Herpes occurs in elephants both in the wild and in zoos. Its possible treatment has so far remained a mystery. The virus is latent in the blood of elephants. Young animals, up to around eight years old, are particularly and continuously at risk. A flare-up is usually acute and life threatening. Developing a vaccine is therefore crucial and would make a world of difference to elephants, both in zoos and in the wild. That is why Antwerp ZOO and Planckendael ZOO sought to raise essential funds via crowdfunding, generating some 75,000 euros, to enable the initiation of a new scientific research project to develop a vaccine at Utrecht University in the Netherlands. Our scientists also monitor our young elephants to collect information that could help identify what triggers the virus. Innovative genetic analysis of blood samples in the lab at Antwerp ZOO will make potential flare-ups more predictable, and also enable other zoos to benefit from the expertise of the scientists at Antwerp ZOO and Planckendael ZOO.
Planckendael ZOO was first confronted with a fatal outbreak of herpes in the spring of 2018. One of the elephants in the herd had unexpectedly succumbed to the virus. ("Read the article "When it's to late"...") “That had a huge impact”, explains Linda Van Elsacker, Zoological Director of Antwerp ZOO & Planckendael ZOO. “We were so taken aback by the speed of it all that we decided to explore what measures could be taken to ensure that any future cases would be detected sooner. Or what treatment could be given.”
WHAT WILL THE STUDY INVOLVE PRECISELY?
Current insight into the herpes virus is practically non-existent, worldwide, which is why we feel this study is so important. Thanks to the funds raised following the death of an elephant at Planckendael ZOO, a research project has been set up at the Faculty of Veterinary Medicine at Utrecht University in the Netherlands. The research project examines ways of combating the virus and specifically seeks to develop a vaccine. Professor Dr Xander de Haan, virologist at Utrecht University: "We are very concerned about the fate of elephants and would like to develop a vaccine against the virus. We aim to do that by imitating the 'keys’ the virus uses to enter a cell, and to use them as a vaccine." Researchers can also use these keys to identify exactly where the virus occurs in the animal's body. “Knowing how the disease occurs would enable us to develop a treatment”, adds Professor Dr Victor Rutten, immunologist at Utrecht University. "That will need extra funding, but the project is extremely important."
We aim to imitate the 'keys’ the virus uses to enter a cell, and to use them as a vaccine.
Extensive scientific and laboratory research is also conducted at Antwerp ZOO & Planckendael ZOO. Besides relevant knowledge and expertise the researchers of the Centre for Research and Conservation (CRC) at Antwerp ZOO and Planckendael ZOO also have specialised lab equipment (QPCR) at their disposal. "It enables us to monitor the condition of the calves”, Van Elsacker continues. "And not only that of our own calves, we also have the potential to help other zoos in the same way.” “A QPCR machine enables us to study DNA”, explains Philippe Helsen, conservation geneticist at Antwerp ZOO and Planckendael ZOO. "Much more accurately than we used to be able to. We can measure concentrations required for this study. We know that herpes is often latent in elephant blood, in small quantities, and that at some point in time a flare-up can occur. Having such a sensitive piece of equipment will enable us to detect that rapid increase much more accurately." The equipment has been available for some time but had not been used to trace herpes until recently. “No two pieces of DNA, no two viruses are the same and new methods have to be developed to trace specific viruses. Until recently it was extremely difficult to trace herpes in elephants because it is such a specific virus. We now know have the knowledge and the ability to do just that."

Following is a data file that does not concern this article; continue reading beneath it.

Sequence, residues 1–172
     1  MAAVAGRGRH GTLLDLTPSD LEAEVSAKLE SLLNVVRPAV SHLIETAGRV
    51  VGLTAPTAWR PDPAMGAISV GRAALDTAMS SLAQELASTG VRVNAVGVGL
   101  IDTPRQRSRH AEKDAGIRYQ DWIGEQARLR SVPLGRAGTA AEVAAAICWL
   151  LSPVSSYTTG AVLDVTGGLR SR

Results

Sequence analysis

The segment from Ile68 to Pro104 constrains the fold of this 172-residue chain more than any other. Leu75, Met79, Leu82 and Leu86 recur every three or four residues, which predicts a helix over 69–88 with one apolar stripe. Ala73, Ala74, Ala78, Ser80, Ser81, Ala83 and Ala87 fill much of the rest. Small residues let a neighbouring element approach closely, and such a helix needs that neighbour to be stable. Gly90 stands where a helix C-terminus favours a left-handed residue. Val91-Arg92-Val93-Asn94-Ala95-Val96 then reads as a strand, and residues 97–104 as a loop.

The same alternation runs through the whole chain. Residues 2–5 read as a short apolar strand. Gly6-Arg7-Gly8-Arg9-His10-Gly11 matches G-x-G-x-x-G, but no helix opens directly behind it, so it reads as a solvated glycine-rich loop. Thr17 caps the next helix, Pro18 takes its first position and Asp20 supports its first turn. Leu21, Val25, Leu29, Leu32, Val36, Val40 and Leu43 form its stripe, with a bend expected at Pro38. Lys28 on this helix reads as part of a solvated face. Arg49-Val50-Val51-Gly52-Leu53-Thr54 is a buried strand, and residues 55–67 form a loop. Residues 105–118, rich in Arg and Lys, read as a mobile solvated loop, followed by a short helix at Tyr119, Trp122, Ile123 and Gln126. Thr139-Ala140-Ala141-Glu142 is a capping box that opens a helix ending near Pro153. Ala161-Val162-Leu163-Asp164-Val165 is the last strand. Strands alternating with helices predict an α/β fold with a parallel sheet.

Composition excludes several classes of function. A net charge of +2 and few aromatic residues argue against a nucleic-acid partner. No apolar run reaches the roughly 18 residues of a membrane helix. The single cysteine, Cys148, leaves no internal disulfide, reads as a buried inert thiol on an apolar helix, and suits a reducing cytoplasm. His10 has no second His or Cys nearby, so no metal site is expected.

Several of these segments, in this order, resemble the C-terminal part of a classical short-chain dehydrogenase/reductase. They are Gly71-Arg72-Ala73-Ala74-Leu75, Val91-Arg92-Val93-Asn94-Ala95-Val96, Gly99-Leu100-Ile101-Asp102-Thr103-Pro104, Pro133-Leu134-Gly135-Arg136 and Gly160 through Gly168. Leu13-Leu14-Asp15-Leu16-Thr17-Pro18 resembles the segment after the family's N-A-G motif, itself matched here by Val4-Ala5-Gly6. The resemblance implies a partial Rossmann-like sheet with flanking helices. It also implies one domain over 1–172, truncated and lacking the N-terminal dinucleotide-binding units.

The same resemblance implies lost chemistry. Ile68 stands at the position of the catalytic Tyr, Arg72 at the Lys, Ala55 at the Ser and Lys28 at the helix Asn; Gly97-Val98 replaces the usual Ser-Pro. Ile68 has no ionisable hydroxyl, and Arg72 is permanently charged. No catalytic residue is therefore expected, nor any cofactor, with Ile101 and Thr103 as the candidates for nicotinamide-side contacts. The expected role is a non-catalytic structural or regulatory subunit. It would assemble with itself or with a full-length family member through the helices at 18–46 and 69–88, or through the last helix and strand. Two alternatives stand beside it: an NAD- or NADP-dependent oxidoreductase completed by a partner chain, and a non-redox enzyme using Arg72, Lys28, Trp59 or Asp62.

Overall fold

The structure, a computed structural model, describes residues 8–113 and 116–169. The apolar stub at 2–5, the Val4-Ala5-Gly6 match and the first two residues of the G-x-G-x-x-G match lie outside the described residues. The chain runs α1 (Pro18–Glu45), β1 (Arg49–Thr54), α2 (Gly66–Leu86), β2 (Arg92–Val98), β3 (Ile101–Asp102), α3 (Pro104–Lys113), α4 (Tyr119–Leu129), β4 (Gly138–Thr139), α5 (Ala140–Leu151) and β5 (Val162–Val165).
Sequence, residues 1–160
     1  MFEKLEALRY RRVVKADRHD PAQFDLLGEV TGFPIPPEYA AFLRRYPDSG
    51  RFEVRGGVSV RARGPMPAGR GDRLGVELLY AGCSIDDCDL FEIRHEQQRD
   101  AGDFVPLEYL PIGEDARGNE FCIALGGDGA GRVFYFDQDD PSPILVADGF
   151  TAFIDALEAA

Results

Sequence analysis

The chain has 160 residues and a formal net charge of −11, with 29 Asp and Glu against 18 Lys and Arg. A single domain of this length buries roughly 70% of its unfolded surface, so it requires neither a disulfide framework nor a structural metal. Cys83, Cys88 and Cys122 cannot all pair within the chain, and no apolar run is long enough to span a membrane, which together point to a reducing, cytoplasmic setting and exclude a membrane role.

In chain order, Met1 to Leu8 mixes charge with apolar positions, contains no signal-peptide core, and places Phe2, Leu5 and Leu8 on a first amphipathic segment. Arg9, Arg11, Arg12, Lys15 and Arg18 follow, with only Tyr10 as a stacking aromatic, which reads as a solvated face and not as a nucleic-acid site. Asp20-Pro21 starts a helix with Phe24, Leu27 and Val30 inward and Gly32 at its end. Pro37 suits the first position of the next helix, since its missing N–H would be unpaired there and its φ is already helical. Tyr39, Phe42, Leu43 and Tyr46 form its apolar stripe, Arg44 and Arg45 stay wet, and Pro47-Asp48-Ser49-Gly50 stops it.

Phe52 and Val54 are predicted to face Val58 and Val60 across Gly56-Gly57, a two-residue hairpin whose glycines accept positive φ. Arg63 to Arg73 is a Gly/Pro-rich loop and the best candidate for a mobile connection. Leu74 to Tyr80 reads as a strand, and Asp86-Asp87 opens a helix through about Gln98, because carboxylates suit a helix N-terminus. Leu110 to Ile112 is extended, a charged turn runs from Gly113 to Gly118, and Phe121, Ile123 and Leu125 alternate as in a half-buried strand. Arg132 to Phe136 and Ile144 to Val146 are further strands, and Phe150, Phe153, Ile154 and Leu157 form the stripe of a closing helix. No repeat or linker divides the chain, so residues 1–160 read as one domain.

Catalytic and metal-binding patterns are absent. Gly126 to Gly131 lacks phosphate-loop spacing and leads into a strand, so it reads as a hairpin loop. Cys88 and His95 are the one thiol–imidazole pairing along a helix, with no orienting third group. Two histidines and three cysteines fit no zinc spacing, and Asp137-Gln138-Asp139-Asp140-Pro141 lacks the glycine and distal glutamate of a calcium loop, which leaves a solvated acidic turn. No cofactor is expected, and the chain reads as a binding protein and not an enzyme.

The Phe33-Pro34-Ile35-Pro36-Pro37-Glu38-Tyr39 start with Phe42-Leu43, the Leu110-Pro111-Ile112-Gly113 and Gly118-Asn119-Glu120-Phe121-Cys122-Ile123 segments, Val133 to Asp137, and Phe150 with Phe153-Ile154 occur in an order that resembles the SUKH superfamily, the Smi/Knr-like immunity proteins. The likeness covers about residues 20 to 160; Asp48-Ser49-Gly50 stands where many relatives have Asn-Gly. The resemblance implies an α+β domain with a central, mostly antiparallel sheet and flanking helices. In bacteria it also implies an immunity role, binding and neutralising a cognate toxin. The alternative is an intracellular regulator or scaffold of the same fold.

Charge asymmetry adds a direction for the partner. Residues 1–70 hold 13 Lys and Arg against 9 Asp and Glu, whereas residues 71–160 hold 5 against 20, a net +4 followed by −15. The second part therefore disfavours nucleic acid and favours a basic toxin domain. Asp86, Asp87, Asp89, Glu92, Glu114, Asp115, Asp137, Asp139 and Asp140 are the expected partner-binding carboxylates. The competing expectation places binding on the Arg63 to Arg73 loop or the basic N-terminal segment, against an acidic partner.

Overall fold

Until recently tracing herpes was extremely difficult. We now have the knowledge and the ability to screen elephant blood.
WHAT IMPACT DOES THE STUDY HAVE?
The quest at Utrecht University could have groundbreaking effect. Developing a vaccine would make a world of difference, both in zoos and in the wild. Such a study obviously takes years, which is why it is important, in the meantime, to search for signals that could predict an outbreak of herpes. As there are several different types of herpes, some fatal, some less aggressive, the CRC researchers seek to trace the various viruses preventively by analysing elephant blood on a regular basis. "In-house screening enables us to respond more promptly. Samples no longer have to be sent to external laboratories." So blood samples are regularly taken from elephants and then analysed in the lab at Antwerp ZOO. Doing this over a long period of time will enable us to monitor how the virus evolves in a specific elephant. "Besides enabling us to trace the virus more quickly, we hope that this information will also enable us to identify the parameters that trigger sudden herpes flare-ups. By systematically reporting abnormal blood levels flare-ups, which until recently were acute, become more predictable. The data we collect here are vital to the identification of the triggers that cause acute herpes flare-ups and that information is much needed, worldwide, to enable us to remedy it. In the future other zoos will also be able to draw on the expertise of scientists at Antwerp ZOO and Planckendael ZOO to identify the type of virus.
A vaccine would make a world of difference but in the meantime we are searching for signals that could predict an acute herpes outbreak. That information is needed worldwide.